When I first started my residency in the early 1970s, things were remarkably primitive by today's standards.
There were no ultrasound machines. Believe it or not, we would diagnose acute cholecystitis by history and physical examination alone. The only diagnostic tests we had were oral cholecystogram (OCG) and intravenous cholangiogram (IVC). For OCG, pills were taken the night before the test. If the cystic duct was patent, iodinated contrast would appear in the gallbladder and stones could be seen. Non-visualization of the gallbladder meant either the cystic duct was blocked or the pills were not absorbed (presumably due to inflammation, not necessarily of the GB) or the patient forgot to take the pills. The test was useless in acutely presenting patients. IVC was similar except the contrast was given intravenously. The common bile duct could be seen faintly unless the patient was jaundiced. It rarely showed stones in the GB.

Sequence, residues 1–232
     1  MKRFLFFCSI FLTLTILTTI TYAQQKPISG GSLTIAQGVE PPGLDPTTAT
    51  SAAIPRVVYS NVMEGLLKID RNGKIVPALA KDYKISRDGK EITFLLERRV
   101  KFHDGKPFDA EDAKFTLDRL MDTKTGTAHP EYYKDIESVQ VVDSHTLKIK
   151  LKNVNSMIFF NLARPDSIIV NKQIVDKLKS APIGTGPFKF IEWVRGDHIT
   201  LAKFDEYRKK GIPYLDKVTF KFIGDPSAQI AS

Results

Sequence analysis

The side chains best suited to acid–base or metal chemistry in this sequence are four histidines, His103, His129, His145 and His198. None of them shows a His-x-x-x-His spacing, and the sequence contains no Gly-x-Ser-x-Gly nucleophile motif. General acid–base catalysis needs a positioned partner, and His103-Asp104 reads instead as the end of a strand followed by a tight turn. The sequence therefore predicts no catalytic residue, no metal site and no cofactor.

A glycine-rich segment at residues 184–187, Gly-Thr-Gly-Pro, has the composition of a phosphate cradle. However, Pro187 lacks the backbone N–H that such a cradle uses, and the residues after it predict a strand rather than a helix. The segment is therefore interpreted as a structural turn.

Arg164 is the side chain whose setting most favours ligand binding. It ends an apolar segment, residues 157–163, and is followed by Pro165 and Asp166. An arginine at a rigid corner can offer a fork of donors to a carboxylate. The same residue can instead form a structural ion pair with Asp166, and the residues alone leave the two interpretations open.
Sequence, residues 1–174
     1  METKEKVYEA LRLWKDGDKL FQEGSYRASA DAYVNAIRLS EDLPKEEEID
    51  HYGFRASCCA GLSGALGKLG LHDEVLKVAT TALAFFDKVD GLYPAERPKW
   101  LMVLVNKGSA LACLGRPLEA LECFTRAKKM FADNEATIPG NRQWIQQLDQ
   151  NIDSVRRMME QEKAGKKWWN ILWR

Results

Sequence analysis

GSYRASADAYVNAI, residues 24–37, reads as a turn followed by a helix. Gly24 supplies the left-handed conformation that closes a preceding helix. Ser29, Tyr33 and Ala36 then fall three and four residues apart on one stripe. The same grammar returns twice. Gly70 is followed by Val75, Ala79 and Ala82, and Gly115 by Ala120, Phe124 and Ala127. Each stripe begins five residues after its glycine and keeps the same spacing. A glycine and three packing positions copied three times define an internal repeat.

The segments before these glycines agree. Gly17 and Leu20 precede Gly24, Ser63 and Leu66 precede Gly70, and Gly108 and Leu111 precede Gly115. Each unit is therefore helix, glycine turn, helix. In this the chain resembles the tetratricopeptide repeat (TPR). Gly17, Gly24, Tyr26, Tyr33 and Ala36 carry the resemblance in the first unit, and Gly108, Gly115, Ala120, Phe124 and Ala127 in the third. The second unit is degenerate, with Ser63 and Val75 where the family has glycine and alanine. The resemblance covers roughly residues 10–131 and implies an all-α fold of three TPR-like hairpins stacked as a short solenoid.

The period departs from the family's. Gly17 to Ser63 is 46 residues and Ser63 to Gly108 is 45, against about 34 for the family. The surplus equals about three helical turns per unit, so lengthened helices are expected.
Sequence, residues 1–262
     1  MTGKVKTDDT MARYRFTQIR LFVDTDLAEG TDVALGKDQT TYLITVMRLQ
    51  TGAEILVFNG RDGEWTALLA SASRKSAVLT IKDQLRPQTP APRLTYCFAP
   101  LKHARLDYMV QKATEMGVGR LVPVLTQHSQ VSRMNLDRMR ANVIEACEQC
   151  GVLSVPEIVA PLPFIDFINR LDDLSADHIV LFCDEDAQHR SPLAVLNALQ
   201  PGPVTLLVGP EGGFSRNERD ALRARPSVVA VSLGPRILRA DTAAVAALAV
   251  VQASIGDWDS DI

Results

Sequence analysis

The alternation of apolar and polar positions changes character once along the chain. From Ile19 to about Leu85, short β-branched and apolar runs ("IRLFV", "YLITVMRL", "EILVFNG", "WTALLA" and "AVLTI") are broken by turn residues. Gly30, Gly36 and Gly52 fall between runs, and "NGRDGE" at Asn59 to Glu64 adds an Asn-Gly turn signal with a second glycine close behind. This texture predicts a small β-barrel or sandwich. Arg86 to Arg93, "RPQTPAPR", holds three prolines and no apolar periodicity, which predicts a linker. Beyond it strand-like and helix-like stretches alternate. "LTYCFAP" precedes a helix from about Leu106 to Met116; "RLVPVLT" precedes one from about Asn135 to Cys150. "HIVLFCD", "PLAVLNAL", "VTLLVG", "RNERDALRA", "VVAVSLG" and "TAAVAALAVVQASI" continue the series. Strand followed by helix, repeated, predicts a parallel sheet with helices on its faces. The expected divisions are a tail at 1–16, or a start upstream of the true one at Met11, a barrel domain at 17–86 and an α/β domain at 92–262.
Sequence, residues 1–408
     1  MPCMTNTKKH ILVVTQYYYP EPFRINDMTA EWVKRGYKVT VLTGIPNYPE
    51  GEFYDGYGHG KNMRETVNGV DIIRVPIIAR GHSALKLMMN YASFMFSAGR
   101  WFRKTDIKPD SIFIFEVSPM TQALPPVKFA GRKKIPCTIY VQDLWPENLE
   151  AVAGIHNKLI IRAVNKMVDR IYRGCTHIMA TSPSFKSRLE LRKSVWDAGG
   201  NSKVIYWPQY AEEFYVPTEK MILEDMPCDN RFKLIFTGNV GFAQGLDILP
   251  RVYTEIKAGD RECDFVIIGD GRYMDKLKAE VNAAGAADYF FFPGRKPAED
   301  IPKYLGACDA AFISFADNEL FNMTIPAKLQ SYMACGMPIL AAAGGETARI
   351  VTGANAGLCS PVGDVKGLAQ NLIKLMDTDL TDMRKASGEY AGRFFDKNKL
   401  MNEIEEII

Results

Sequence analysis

There were no CT scans. We had to make the diagnosis of appendicitis by, you guessed it, history and physical examination alone. And since laparoscopic general surgery did not become common in the US until 1990, all appendectomies and cholecystectomies were done as open procedures.
There were no computers in any clinical departments or nursing units. Everything was on paper. The good news? There was no way to "copy and paste" progress notes. We had different colored paper for different sections of the chart, which made things easy to find. The bad news? Charts often went missing. Handwriting analysis rivaled that of archeologists deciphering hieroglyphics in Egypt. But paper charting was faster to do and easier to "leaf" through.
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Maybe the biggest change has been the advent of the Internet. In the palm of my hand, I can instantly access huge amounts of information formerly available only in print books and journals. To look up a paper, we had to use Index Medicus, an encyclopedic series of books listing every article by subject in most journals.